Geritol. AARP. RVs.
These symbols of retirement are losing their relevance, empty shells of another’s generation concept of how to spend the remainder of your life once you have worked your last day.
In the past week I talked to several people across the country who all turned 50. The same story surfaced organically. Thanks for the miracle of direct marketing and census data each of them received their invitation to the AARP. The envelope sat on their desk for a week, taunting them, a reminder that they are ready to be “put out to pasture,” according to one. As a declaration of existence, each friend said “no, no,” crumbled the invitation into a crisp sphere and tossed it into trash.
This empowering action demonstrates a growing trend. At 50, many Americans are not ready for age-based membership discounts, retirement, and the thought that their best years, their prime, has passed. In fact, they felt threatened by the invitation.
What used to be a right of passage has turned into a rejection of the model for Americans Gray Years. Because we are living longer, healthier lives, the organization no longer holds the mindshare of its potential audience.
Every 10 seconds an American turns 50. We are living longer than ever. The graying of the nation is occurring quickly, and yet people over 50 yearn for more engaged, enriching lives.
According to the Administration on Aging, “The older population—persons 65 years or older—numbered 46.2 million in 2014 (the latest year for which data is available). They represented 14.5% of the U.S. population, about one in every seven Americans. By 2060, there will be about 98 million older persons, more than twice their number in 2014.” By 2040, more than 20% of the population will be 65+.
This type of longevity for a massive slice of the population represents a major shift for our species and our culture. As we say in the realm of market strategy, this trend is a vast, growing white space. There is no trusted brand guiding this social movement. In fact, the AARP, while still a billion-dollar behemoth, has been characterized as “out-of-touch” and is losing market share at an alarming rate.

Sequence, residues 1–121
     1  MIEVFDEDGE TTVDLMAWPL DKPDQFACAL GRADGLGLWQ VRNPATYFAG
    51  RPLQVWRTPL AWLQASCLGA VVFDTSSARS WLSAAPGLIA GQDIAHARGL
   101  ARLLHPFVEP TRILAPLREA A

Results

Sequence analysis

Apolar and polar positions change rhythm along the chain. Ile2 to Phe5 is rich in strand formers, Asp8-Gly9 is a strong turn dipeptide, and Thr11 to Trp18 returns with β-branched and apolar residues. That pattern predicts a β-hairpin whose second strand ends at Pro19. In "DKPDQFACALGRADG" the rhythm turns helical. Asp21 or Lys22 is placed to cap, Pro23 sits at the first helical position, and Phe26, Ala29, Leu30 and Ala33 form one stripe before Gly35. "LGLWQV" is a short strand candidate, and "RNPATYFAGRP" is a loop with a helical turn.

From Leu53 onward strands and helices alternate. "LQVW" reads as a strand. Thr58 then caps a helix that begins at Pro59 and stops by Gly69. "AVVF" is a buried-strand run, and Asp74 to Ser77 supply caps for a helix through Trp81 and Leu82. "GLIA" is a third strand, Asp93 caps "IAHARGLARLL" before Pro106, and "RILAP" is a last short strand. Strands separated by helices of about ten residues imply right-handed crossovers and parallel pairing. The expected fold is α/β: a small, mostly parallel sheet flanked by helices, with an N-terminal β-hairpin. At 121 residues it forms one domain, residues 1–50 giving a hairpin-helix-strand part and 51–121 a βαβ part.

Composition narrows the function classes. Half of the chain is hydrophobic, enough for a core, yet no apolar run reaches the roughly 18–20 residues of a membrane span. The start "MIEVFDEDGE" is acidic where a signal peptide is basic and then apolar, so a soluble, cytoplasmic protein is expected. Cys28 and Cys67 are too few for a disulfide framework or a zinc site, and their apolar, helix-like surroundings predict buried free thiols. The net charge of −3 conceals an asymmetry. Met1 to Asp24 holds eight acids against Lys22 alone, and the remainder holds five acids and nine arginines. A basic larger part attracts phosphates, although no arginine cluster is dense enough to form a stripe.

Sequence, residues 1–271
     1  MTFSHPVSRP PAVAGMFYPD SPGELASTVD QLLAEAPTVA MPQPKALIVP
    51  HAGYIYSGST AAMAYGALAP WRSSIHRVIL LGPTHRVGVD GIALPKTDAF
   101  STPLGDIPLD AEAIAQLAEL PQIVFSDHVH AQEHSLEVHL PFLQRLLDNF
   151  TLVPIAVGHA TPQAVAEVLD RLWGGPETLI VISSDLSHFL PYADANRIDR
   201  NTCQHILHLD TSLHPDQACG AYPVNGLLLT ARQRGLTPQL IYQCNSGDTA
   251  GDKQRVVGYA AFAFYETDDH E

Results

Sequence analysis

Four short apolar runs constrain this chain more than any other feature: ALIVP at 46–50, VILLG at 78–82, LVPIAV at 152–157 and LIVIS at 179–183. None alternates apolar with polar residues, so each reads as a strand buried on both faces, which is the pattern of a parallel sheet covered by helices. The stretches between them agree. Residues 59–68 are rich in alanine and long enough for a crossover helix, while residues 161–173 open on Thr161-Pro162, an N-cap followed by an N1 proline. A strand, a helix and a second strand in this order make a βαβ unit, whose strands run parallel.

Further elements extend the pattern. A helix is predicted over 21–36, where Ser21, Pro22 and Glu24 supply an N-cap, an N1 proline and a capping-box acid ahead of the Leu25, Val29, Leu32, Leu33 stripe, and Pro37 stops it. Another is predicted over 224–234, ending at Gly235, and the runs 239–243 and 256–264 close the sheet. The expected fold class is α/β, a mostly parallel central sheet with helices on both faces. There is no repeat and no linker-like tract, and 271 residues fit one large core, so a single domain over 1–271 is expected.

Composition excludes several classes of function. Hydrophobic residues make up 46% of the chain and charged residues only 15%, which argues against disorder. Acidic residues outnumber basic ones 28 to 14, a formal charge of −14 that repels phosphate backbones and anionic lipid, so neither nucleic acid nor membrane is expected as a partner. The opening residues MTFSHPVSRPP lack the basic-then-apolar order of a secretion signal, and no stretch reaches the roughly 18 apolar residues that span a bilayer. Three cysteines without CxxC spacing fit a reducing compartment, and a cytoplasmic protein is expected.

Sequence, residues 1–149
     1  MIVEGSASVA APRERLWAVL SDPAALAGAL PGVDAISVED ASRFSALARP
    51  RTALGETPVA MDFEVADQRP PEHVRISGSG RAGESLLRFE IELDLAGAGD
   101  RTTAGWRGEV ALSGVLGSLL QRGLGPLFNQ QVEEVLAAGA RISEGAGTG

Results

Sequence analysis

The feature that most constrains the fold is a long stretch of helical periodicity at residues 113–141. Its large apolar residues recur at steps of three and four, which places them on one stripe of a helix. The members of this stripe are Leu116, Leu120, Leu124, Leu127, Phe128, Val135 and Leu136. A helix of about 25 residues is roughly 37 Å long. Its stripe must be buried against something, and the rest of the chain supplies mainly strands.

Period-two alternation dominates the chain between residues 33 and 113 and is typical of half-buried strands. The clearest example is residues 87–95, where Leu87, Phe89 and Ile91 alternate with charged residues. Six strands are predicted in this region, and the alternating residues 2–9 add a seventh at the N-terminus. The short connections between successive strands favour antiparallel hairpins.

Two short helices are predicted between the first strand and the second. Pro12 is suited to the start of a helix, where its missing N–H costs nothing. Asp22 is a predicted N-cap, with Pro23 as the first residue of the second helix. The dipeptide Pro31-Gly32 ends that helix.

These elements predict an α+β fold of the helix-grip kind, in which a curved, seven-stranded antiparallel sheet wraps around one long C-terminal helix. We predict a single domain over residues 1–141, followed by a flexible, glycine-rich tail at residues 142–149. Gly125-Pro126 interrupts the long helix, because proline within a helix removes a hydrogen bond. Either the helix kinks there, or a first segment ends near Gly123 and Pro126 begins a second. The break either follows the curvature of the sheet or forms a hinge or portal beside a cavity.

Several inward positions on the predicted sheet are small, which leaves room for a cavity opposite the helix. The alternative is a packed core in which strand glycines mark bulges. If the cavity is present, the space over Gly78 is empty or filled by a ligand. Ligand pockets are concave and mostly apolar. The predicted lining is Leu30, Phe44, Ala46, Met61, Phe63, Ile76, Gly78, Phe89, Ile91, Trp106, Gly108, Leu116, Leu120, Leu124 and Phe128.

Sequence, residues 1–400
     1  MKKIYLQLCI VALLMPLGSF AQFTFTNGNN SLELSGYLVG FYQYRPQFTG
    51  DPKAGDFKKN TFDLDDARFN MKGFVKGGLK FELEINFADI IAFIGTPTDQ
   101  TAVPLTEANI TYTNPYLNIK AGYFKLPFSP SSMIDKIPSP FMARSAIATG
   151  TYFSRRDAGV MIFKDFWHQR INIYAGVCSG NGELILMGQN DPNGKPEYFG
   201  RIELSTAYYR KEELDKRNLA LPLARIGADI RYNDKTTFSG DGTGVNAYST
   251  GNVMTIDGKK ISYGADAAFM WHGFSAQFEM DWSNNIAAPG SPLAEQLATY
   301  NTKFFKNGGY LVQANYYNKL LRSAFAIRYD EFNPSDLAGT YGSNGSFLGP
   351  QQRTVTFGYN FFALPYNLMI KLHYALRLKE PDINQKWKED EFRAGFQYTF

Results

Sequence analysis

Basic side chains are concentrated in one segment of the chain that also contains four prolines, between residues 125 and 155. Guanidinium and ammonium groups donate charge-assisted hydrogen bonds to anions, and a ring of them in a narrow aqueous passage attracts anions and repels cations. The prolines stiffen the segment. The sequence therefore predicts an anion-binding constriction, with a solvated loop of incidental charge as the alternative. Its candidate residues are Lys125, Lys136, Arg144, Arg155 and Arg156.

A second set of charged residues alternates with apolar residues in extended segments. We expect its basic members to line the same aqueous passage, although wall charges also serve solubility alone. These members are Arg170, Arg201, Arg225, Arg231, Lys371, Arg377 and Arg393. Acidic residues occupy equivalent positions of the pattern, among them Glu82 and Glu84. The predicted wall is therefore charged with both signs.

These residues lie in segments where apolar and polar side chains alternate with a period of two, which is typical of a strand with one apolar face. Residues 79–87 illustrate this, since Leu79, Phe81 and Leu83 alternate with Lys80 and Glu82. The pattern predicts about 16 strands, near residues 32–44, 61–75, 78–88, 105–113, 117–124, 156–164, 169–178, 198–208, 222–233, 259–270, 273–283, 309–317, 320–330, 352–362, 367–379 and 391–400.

When discussing market strategy know that I do not mean to indicate that this is a cutthroat opportunity to sell people things they do not need. Rather, we, as a culture, are pioneering this late phase together. Needs will be uncovered that we cannot know by taking a historical perspective. This is a new era and we have no map. The white space is an opportunity to provide new value for emerging needs, a win-win that is need based, and form the basis of the new American Dream: Active Aging.
Active aging is the process of optimizing opportunities for health, participation, and security in order to enhance quality of life as people age.
Active aging allows people to realize their potential for physical, social, and mental well-being throughout the life course and to participate in society, while providing them with adequate protection, security, and care needed.
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Michael Graber is the managing partner of the Southern Growth Studio, an innovation and strategic growth firm based in Memphis, TN and the author of Going Electric. Visit www.southerngrowthstudio.com to learn more.